RECORDS IN THE UNITED KINGDOM
page lists some of the political records held by women MPs, peers,
and office-holders, drawn from the information
in our Observatory. Similar information about women in Irish politics
is listed on this page.
WOMEN MPs' RECORDS
FIRST WOMAN MEMBER
OF THE HOUSE OF COMMONS
was elected MP for Dublin St Patrick's Ward in the general election of
December 1918, the first election at which women voted and stood as candidates.
Markievicz was in Holloway Gaol for her suspected involvement with the
'German plot' when she was declared the new MP. Prime Minister Lloyd George
nonetheless sent a letter inviting her to the State Opening of Parliament,
though with her Sinn Féin colleagues she refused to sit at Westminster.
Instead, after being released in March 1919, she became Minister for Labour
in Dáil Eireann, where she served until her death in 1927. However she
was reported to have secretly visited the MPs' cloakroom to see her name
on the hat-peg reserved for her.
The first woman to
sit in the Commons was American-born Nancy,
Viscountess Astor, who on 28 November 1919 was elected as a Conservative
in her husband's former seat of Plymouth Sutton after he succeeded to
the peerage. It was hoped that the law could be changed to enable Lord
Astor to surrender his peerage and she would only hold his seat until
he could return, but this effort failed and she remained an MP until July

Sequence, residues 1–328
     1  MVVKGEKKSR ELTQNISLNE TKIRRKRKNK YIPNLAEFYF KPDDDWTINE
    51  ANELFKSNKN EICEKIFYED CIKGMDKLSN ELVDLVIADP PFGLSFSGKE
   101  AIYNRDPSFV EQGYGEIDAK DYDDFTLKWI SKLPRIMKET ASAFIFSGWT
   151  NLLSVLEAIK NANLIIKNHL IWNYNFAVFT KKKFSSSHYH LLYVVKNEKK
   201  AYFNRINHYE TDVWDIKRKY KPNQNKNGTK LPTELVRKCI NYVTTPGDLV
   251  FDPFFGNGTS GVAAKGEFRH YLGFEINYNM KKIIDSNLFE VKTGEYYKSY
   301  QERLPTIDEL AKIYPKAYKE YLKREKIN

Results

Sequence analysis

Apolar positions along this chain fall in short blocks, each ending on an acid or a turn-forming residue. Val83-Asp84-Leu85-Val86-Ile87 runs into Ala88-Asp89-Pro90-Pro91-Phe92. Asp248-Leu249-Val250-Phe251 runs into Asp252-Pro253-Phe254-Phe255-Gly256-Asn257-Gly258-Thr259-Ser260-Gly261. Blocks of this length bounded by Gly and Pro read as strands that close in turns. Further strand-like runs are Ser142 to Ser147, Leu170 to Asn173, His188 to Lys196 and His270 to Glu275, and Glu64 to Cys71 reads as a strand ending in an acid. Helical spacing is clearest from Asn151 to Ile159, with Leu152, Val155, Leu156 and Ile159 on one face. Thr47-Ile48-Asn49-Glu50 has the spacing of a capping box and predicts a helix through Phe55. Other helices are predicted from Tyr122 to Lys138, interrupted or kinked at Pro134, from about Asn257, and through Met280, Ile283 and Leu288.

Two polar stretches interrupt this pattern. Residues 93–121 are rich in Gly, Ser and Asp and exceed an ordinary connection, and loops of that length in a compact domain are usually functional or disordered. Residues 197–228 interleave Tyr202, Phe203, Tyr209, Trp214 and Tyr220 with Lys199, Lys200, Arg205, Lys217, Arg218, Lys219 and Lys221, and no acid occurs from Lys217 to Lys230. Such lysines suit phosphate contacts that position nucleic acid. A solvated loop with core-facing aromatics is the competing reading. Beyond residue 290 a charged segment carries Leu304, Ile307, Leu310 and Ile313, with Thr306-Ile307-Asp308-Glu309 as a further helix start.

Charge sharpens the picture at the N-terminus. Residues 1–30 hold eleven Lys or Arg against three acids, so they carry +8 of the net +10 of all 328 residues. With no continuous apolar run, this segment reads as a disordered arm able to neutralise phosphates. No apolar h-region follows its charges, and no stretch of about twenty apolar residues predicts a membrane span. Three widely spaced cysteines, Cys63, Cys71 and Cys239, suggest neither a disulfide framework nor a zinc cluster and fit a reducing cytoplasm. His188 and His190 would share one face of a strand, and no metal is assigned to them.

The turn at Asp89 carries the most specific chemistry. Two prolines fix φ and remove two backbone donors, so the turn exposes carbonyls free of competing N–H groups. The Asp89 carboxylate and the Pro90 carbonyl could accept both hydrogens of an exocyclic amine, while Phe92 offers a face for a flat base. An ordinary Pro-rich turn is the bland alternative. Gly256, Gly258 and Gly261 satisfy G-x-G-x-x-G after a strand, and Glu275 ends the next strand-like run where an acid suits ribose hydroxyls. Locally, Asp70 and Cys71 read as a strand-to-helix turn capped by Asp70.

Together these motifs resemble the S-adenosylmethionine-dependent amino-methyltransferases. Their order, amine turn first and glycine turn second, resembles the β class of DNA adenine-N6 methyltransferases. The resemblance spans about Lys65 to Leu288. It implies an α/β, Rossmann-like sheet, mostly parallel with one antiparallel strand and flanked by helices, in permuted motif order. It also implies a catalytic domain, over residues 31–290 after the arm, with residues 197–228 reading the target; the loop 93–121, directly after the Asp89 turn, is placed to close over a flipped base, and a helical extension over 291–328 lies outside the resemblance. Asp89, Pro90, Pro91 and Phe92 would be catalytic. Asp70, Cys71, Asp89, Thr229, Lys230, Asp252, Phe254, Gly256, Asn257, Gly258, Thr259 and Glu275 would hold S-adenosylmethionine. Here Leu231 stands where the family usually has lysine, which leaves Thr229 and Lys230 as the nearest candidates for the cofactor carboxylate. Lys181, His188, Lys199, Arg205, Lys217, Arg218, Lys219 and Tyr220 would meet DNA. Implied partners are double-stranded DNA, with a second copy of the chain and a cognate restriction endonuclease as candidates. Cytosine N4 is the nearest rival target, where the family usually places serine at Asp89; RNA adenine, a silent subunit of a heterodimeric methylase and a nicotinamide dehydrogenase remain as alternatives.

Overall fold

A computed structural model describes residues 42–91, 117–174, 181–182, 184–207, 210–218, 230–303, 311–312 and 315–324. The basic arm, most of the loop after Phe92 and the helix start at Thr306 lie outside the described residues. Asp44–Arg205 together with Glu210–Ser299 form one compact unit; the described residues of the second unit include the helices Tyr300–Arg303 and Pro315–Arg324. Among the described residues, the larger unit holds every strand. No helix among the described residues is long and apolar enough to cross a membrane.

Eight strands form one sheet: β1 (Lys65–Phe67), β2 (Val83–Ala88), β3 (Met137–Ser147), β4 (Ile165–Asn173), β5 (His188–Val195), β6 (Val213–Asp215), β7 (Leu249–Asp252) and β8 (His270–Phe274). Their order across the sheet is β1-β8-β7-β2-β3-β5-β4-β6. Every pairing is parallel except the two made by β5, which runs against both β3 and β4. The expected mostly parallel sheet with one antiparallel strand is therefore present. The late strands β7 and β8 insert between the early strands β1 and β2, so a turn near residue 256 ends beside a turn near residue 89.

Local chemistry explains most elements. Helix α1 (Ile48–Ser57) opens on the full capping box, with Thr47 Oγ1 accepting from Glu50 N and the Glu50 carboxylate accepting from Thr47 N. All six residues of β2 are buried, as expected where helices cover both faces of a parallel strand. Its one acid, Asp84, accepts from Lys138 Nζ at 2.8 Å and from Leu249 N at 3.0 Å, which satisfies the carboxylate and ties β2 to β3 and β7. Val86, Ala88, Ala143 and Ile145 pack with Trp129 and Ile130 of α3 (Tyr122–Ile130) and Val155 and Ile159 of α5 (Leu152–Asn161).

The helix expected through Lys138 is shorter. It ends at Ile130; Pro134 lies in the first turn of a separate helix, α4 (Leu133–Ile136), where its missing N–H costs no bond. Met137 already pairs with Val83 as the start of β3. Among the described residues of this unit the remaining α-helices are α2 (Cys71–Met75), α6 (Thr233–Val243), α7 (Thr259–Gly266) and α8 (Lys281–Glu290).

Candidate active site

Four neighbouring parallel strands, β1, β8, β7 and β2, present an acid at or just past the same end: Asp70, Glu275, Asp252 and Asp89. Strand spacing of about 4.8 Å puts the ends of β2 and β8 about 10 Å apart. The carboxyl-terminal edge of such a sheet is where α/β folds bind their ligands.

1945. A plaque commemorating her achievement now hangs near the entrance
to Strangers' Gallery.
FIRST MARRIED COUPLE
IN THE HOUSE OF COMMONS
There have been over a dozen husbands and wives to sit in the House
of Commons together and the first was Walter and Hilda
Runciman. Sir Walter, a former Liberal minister, was unhappy with
his constituency of Swansea and wanted to move to St Ives at the next
election. When it became vacant his wife successfully stood for the seat
at a by-election in March 1928 and held it for him until parliament was
dissolved in May 1929. Mrs Runciman stood for Tavistock at the ensuing
general election but was very narrowly defeated.
FIRST FATHER AND
DAUGHTER/BROTHER AND SISTER MPs
David Lloyd George's son Gwylim and daughter Megan
followed him into the House of Commons, respectively, in 1922 and 1929
as MPs for Pembrokeshire and Anglesey. Both began their careers as Liberals
but Gwylim eventually joined the Conservatives and become Home Secretary,
while his sister, after being defeated in 1950, returned in 1957 as Labour
MP for Camarthen until her death in 1966. She was also the first woman